Drawing thick 3D lines

xyzxyz Posts: 41Member

I can't seem to find a way to draw thick three-dimensional lines. Line width parameter in the spatial shader says it's disabled. I also cannot use custom shaders because there is no access to vertex data in screen space. Is there a way to draw 3D lines in Godot? My project depends on this ability.

Comments

  • CalinouCalinou Posts: 919Admin Godot Developer
    edited September 13

    Godot currently has no built-in way to draw 3D lines in projects, so you have to resort to procedural geometry generation or use primitive meshes instead. You can use add-ons such as https://github.com/RedefineGamedev/Line3D (more full-featured) or https://github.com/jegor377/Line3D (simpler).

    Alternatively, you can create a MeshInstance with a BoxShape or CylinderShape and stretch it to draw a thick straight line.

    Line width parameter in the spatial shader says it's disabled.

    The Line Width property only works for line-based geometry, not triangle-based geometry. Even then, relying on the Line Width property is ill-advised as its behavior is driver-specific (OpenGL line drawing is used). For instance, AMD GPUs don't support any line widths greater than 1.

  • xyzxyz Posts: 41Member
    edited September 14

    Initial idea required drawing splines. I then simplified the whole concept to use circular arcs (still in 3d space). As per visual concept, I need to stroke the same line/curve with multiple superimposed strokes of different widths. Most elegant way to handle this would be by screen space shaders.

    In the end I settled for a single stroke. Generating it via immediate geometry node as a 3d tube (i.e. thin partial torus positioned in 3d space). It's not exactly what I wanted but it'll have to do.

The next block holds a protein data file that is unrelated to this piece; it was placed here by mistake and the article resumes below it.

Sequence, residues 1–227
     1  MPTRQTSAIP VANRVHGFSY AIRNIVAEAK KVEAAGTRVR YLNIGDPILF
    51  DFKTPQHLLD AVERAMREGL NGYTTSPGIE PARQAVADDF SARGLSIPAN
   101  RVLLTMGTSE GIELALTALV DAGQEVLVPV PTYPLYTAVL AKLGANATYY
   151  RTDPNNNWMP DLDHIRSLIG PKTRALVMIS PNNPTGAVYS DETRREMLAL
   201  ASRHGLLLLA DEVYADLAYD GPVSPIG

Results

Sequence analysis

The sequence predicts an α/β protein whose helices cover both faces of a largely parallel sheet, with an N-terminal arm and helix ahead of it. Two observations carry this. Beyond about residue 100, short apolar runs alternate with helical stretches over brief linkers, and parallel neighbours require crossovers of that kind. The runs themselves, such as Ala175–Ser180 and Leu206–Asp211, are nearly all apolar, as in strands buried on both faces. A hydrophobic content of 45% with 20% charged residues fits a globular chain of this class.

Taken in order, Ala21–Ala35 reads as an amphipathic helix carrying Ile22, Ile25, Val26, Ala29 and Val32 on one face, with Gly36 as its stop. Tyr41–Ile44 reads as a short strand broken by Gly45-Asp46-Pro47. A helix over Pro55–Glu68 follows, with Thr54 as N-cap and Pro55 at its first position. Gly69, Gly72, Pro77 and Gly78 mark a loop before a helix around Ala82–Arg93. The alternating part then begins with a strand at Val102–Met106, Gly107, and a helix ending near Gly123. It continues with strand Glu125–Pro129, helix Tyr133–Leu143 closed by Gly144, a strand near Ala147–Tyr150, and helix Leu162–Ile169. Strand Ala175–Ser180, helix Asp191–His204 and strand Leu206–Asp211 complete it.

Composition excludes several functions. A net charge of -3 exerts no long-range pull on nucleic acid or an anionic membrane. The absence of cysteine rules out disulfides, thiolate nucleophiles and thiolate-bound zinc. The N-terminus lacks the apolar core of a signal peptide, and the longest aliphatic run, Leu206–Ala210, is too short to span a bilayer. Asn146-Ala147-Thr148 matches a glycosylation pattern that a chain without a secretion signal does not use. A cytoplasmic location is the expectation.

Thanks for the insights!

  • cyberealitycybereality Posts: 1,733Moderator

    You can render wireframe with barycentric coordinates. Not sure if that is what you need, but it may give you some ideas. This is a Unity tutorial, but all the math is there if you want to port to Godot.
    https://catlikecoding.com/unity/tutorials/advanced-rendering/flat-and-wireframe-shading/

  • xyzxyz Posts: 41Member

    Thanks @cybereality. Not sure if it's really applicable to standalone lines but it's still good to know. In fact I'm using similar approach in current project to render meridians and parallels on a globe.

  • cyberealitycybereality Posts: 1,733Moderator

    No, it wouldn't work for standalone lines, it's for rendering geometry in wireframe.

  • xyzxyz Posts: 41Member
    edited September 14

    I think Godot currently can't do this in an elegant way. Adding a shader option to skip projection transforms would be enough to allow for making custom line stroking shaders. Similar to already exsisting skip_vertex_transform. But I'm guessing this may break something down in the spatial material pipeline.

  • cyberealitycybereality Posts: 1,733Moderator

    Are you sure about that? You can do whatever you want in the vertex shader, including not doing anything (and just leaving the points in local space). Also, with that wireframe shader I posted, you can draw a standalone line by rendering a triangle and not processing the 2nd two edges. It's a bit of a round-about, but it works fine.

  • xyzxyz Posts: 41Member
    edited September 15

    Local space is not enough. I need to be able to control them in screen space. Documentation explicitly states that when you disable vertex transforms, projection transformation happens anyway "later". There's even an example that shows "manual" vertex-matrix multiplication and it does only modelview multiplication. Even though you get the projection matrix as a built-in uniform, there's no use for it in this regard. Projection part is seemingly automatic and hidden from the user. I suspect there's a good reason for it.

    Anyway, drawing straight lines is not my main concern. I need 3d curves; smooth, thick and with controllable, possibly animated width. Best way to do it is to expand triangle strips in screen space. I even have operational glsl shaders from my previous gl projects. It would be trivial to adapt them if automatic projection multiplication could be disabled and instead be done manually.

    That all being said I still love Godot's light abstraction of glsl.

  • cyberealitycybereality Posts: 1,733Moderator

    Interesting. I don't think I tried to draw in screen space so maybe that is why I never encountered that problem. I understand what you are saying.

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